The researchers followed 241 children whose older siblings had been diagnosed with autism and who therefore had an increased risk of being diagnosed with this disease. The researchers evaluated the development of children from 6 months to 3 years. At the same time, mothers were interviewed through telephone interviews and mailed questionnaires on the use of prenatal vitamins.
In the new study, reducing the risk of developing autism also seemed to be more important for children whose mothers were taking higher doses of folic acid and iron during pregnancy, suggesting that at least partial dose effect. This means that prenatal vitamins with higher concentrations of folic acid and iron seemed to work better to prevent autism in at-risk children.
Early prenatal vitamin intake was also associated with milder symptoms and higher cognitive scores in children who were finally diagnosed with autism.
"This is a very important study," said Dr. Pankhuree Vandana, Children's Psychiatrist and Medical Director of the Center for Autism of the Nationwide Children's Hospital & # 39; s , who did not participate in the research. The findings add to a literature suggesting that folic acid – a supplement found in most prenatal vitamins – can protect against developmental disorders such as autism, she added. .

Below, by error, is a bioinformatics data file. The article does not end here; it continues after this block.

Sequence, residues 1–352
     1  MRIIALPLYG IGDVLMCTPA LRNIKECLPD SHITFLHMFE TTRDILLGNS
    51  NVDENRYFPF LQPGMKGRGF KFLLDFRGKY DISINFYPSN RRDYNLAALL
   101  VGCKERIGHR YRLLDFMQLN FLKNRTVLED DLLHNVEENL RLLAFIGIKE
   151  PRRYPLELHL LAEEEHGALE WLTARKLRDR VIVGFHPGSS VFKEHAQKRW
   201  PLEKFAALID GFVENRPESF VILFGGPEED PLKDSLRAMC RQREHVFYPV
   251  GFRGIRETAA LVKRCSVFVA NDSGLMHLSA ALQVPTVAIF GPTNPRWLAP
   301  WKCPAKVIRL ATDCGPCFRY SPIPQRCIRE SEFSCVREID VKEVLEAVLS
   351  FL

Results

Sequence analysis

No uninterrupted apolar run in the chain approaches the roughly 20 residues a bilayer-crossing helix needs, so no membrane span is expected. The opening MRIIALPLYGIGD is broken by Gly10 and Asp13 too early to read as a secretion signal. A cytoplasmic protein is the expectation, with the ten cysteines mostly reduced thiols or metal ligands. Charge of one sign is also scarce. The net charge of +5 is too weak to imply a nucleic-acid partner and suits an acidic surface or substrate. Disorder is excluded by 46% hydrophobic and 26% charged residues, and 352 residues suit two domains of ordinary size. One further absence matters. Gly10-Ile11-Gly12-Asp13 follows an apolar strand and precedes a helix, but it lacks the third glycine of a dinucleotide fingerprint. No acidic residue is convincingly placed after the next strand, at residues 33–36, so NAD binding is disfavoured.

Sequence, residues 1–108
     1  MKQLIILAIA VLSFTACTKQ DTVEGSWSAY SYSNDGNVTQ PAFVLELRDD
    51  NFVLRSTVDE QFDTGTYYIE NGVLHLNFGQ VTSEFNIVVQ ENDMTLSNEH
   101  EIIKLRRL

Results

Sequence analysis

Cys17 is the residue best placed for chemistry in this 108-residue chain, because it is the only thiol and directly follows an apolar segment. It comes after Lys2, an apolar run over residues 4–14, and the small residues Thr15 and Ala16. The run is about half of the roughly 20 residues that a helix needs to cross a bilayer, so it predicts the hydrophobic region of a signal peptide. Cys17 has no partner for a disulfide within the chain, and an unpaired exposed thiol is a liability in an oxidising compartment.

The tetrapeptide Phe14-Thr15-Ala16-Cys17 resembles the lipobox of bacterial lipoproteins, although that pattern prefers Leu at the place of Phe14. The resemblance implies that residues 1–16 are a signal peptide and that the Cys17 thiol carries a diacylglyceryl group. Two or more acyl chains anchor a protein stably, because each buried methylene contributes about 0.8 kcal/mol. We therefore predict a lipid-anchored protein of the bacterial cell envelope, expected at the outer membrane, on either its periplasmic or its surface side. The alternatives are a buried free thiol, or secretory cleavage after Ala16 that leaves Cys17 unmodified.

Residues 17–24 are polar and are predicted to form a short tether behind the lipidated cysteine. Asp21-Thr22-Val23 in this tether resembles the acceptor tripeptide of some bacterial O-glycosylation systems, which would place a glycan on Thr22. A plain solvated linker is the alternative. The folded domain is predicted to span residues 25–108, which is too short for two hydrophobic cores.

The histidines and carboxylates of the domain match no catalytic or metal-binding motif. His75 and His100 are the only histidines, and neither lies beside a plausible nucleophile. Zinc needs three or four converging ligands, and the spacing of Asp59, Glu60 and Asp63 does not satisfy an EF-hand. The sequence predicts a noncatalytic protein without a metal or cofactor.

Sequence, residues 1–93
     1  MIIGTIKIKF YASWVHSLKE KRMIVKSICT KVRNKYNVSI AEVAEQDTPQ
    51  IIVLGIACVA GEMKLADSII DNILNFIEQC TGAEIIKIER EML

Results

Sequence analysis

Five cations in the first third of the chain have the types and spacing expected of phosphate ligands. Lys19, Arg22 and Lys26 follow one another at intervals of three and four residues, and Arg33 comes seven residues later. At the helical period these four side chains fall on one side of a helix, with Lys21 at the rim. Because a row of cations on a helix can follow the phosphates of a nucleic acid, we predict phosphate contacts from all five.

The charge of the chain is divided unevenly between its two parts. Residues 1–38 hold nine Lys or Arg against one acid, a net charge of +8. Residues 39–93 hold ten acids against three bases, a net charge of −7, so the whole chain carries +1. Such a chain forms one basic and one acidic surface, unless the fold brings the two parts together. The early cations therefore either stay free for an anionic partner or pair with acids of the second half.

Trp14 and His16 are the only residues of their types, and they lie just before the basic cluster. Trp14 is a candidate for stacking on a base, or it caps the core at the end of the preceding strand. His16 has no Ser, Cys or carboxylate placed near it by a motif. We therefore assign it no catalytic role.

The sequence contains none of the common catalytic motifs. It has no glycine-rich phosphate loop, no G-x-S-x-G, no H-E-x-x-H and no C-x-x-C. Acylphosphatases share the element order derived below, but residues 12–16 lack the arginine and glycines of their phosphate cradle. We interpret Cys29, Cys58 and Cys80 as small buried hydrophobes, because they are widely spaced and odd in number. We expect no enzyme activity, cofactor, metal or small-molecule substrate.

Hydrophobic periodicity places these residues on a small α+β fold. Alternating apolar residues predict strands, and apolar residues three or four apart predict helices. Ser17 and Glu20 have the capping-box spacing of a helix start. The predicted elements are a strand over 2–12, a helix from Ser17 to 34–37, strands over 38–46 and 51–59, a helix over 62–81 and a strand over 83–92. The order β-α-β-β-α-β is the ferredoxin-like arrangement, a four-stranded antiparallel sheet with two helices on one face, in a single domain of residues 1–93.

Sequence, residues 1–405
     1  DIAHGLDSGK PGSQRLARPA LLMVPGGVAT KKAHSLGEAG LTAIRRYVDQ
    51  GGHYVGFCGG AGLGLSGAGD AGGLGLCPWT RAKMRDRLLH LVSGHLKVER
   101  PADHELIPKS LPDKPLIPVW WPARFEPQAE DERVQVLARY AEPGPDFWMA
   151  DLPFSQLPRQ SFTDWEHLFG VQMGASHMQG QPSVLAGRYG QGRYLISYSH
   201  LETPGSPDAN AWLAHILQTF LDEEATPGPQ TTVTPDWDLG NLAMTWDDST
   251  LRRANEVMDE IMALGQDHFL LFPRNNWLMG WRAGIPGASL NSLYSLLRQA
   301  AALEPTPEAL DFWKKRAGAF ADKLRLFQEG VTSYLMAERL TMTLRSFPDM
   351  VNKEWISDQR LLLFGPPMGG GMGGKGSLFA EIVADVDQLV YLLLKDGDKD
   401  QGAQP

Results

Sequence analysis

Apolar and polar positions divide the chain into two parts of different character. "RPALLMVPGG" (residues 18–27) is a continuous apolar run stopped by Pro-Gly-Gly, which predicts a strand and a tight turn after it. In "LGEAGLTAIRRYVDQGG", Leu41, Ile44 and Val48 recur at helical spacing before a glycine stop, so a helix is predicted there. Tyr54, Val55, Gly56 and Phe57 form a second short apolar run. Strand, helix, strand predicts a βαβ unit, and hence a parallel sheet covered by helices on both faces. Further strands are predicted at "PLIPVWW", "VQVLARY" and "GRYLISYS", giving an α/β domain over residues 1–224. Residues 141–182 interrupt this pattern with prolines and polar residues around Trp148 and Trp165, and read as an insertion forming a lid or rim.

Compared to mothers who did not take prenatal vitamins at an early stage, mothers in the study were more likely to have obtained a bachelor's degree or higher, to own a home, to have private health insurance and having an intentional pregnancy.
Vandana worries that the study is relatively small and warns that the results may not be true in the general population. In addition, she points out that in recent years, expectant mothers continued to take prenatal vitamins at similar or higher rates, but the incidence of autism continued to increase. increase. However, says Vandana, this is a reminder that prenatal vitamins and the nutrients they provide are one of many factors that can influence the development of autism.
Given the safety, low cost and benefits of prenatal vitamins, Vandana encourages future moms to take them as soon as possible.
"It's an easy thing to do … and it could actually help, even when the odds are against you."